facebook app symbol  twitter  instagram 1

Mobile Ad Container

Alaska's congressional delegation last week announced plans to reintroduce legislation that would allow five landless Native communities to claim thousands of acres of federal land.

Sens. Lisa Murkowski and Dan Sullivan, both Republicans, introduced the Unrecognized Southeast Alaska Native Communities Recognition and Compensation Act on Thursday to correct the omission of the communities from the Alaska Native Claims Settlement Act of 1971 (ANCSA). The legislation mirrors prior bills that Murkowski and Sullivan have introduced in the past, beginning in 2020. 

Never miss the biggest stories and breaking news about the tribal economy. Sign up to get our reporting sent straight to your inbox every Monday morning.

The newly proposed bill would amend ANCSA to allow the Alaska Native communities of Haines, Ketchikan, Wrangell, Petersburg, and Tenakee to form urban corporations and receive land entitlements. The five communities were not included in ANCSA, which distributed 44 million acres of land and $1 billion among 200 regional, village and urban corporations to settle claims with the U.S. government.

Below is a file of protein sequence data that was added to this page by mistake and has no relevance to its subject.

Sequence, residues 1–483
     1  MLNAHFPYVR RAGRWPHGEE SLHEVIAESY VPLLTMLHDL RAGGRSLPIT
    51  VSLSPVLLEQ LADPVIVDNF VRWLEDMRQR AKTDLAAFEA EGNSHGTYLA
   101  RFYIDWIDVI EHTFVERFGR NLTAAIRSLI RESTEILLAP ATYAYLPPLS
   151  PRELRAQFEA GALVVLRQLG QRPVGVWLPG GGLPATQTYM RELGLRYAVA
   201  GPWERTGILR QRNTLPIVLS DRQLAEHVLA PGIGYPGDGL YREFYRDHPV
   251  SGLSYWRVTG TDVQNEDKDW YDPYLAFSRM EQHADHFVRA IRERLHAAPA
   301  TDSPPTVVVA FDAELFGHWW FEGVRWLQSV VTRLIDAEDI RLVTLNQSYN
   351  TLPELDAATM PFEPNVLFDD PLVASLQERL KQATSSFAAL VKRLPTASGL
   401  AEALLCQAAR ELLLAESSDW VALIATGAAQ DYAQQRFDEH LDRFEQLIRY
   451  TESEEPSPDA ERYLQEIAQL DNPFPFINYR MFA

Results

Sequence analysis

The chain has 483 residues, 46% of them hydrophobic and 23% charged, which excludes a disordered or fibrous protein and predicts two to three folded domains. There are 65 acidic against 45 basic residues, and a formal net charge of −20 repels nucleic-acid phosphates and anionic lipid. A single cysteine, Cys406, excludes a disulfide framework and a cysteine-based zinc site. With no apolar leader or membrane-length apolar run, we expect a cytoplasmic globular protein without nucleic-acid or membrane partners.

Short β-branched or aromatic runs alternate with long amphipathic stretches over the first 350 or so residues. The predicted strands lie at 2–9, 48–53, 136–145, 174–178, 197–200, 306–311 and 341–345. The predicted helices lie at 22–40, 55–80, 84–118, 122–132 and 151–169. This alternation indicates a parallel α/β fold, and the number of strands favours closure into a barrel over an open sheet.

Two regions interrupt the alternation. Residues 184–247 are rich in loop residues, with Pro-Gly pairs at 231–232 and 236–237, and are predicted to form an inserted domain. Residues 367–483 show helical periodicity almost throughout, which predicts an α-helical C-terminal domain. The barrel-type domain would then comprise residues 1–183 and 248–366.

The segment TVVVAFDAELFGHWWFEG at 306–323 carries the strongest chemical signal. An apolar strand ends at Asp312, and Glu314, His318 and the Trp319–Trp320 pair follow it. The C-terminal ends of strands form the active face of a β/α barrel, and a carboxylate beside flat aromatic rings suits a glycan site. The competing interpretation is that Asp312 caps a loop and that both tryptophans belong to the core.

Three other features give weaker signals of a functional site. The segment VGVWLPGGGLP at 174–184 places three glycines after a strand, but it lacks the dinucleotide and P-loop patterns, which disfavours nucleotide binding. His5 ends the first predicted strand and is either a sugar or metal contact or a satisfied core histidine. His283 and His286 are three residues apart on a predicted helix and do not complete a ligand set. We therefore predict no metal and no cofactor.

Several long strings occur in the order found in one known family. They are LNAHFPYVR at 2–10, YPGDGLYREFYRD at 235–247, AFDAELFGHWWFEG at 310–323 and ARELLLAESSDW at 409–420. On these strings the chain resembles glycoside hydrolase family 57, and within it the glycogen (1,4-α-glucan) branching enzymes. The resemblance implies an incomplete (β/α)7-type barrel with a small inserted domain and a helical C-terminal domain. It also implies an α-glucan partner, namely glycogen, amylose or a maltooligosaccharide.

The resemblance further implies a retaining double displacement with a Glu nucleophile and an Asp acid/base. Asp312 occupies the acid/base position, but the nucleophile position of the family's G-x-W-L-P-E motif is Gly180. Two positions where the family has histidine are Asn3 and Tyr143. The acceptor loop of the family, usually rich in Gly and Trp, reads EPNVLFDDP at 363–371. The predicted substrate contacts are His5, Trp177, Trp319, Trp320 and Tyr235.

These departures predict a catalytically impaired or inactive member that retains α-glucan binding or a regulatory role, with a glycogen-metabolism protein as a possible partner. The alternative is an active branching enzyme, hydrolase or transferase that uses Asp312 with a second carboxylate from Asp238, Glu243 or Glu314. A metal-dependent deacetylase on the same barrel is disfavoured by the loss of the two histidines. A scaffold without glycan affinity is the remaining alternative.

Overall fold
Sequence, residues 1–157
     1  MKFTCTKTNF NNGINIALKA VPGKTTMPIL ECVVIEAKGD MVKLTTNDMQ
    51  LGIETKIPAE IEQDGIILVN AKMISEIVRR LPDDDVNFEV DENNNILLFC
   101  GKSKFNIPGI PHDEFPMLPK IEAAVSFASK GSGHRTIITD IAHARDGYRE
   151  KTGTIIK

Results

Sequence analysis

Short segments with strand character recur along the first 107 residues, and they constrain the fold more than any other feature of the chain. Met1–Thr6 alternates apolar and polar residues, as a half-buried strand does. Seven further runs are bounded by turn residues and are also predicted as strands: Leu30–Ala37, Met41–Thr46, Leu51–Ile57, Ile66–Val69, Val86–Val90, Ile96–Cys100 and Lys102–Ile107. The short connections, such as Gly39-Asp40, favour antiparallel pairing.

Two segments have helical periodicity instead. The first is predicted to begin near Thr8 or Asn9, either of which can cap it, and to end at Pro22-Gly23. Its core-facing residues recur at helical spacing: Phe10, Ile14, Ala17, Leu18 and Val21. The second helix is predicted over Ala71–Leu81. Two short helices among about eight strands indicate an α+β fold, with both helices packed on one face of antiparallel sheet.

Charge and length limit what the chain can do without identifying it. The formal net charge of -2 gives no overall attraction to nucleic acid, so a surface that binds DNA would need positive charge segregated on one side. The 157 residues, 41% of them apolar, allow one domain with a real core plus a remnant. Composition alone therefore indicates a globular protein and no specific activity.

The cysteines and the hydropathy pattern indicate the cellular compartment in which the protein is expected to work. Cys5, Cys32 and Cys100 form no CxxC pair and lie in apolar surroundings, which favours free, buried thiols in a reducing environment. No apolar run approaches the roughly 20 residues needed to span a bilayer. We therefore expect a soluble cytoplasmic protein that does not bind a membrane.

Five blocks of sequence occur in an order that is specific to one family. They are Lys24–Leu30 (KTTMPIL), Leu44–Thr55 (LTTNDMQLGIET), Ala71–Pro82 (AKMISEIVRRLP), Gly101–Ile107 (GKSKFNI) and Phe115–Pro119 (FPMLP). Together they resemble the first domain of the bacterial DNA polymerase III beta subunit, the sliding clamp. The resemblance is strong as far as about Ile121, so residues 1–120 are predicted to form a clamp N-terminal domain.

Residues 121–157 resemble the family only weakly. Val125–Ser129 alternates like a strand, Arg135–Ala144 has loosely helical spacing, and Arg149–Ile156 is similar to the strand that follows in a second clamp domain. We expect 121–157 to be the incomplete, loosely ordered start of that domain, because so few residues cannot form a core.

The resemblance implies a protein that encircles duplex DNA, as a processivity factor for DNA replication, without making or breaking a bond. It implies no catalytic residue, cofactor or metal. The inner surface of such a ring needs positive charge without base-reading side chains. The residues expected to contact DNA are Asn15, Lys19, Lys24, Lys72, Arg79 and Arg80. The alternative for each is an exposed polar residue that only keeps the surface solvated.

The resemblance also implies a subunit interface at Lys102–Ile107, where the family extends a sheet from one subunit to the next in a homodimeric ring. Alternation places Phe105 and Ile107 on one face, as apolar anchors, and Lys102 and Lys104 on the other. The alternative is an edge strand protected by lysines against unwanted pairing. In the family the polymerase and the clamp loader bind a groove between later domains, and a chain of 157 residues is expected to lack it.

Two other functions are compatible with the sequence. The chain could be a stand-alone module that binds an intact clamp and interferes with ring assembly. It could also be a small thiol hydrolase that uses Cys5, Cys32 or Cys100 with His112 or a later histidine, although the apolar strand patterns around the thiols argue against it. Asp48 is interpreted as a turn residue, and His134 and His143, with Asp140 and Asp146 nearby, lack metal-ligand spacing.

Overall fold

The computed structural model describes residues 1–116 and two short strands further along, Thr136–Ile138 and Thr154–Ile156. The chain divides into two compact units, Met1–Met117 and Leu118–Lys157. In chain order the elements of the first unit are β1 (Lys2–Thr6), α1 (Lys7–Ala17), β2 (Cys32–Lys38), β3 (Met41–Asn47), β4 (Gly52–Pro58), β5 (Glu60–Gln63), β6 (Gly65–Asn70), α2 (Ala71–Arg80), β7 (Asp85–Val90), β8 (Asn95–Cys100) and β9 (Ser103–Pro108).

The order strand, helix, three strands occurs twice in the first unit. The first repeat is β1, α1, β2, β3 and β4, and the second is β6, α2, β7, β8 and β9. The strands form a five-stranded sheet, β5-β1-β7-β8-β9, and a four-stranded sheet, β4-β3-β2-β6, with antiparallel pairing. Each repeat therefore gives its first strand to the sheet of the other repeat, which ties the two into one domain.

Rep. Mary Peltola (Yup'ik), a Democrat who is also the first Alaska Native to serve in Congress,  plans to file a related measure in the House this week, according to a statement. 

“Our Landless legislation will provide for rightful Native ownership of lands that these five communities are entitled to under ANCSA,” Murkowski said in a statement. “Alaska Native leaders in these communities are asking for no more than the opportunity granted to other Native communities 50 years ago. I urge colleagues on both sides of the aisle to look at the facts and help us get this done, so we can finally put an end to more than half a century of injustice in Southeast Alaska.”

Under the proposed legislation, each of the five Native villages would be allowed to form a federally recognized urban corporation that would be eligible to claim 23,040 acres of land in southeast Alaska. 

The land could provide new opportunities for economic growth and self-determination, Peltola said in a statement, adding it is “past time that we correct this error.”

The proposed legislation faces a long road to passage if past efforts are any indication. Previous bills have faced opposition from environmentalists and recreational users concerned about losing access to the land that would be granted.